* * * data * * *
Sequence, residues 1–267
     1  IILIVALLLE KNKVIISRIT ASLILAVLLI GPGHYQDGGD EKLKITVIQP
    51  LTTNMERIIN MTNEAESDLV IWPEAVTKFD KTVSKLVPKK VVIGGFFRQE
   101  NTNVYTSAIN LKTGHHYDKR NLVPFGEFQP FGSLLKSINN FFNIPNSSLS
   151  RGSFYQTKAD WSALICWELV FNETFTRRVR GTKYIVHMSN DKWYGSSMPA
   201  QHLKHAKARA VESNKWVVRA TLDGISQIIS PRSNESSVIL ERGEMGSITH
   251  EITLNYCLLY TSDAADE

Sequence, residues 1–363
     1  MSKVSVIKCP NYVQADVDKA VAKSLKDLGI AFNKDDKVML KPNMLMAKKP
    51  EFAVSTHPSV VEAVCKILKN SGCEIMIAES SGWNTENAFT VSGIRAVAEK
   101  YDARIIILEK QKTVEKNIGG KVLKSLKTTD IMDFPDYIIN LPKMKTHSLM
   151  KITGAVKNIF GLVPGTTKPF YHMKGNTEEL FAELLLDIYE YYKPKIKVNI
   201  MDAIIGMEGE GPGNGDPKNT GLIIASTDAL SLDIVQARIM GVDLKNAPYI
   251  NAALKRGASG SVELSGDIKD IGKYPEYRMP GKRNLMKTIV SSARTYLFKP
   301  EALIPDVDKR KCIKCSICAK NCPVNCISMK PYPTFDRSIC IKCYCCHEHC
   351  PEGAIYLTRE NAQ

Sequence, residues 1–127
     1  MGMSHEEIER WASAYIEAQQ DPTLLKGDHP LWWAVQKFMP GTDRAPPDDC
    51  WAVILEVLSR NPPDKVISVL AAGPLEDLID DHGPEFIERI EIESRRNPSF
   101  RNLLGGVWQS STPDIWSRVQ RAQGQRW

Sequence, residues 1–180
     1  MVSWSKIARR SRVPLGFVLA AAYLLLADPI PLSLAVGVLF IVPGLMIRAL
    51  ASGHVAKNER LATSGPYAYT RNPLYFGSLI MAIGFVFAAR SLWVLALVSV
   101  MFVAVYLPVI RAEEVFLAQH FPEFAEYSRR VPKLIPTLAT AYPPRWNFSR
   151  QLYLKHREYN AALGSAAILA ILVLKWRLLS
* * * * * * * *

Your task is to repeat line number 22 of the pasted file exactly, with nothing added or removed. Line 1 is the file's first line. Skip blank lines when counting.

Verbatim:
     1  MVSWSKIARR SRVPLGFVLA AAYLLLADPI PLSLAVGVLF IVPGLMIRAL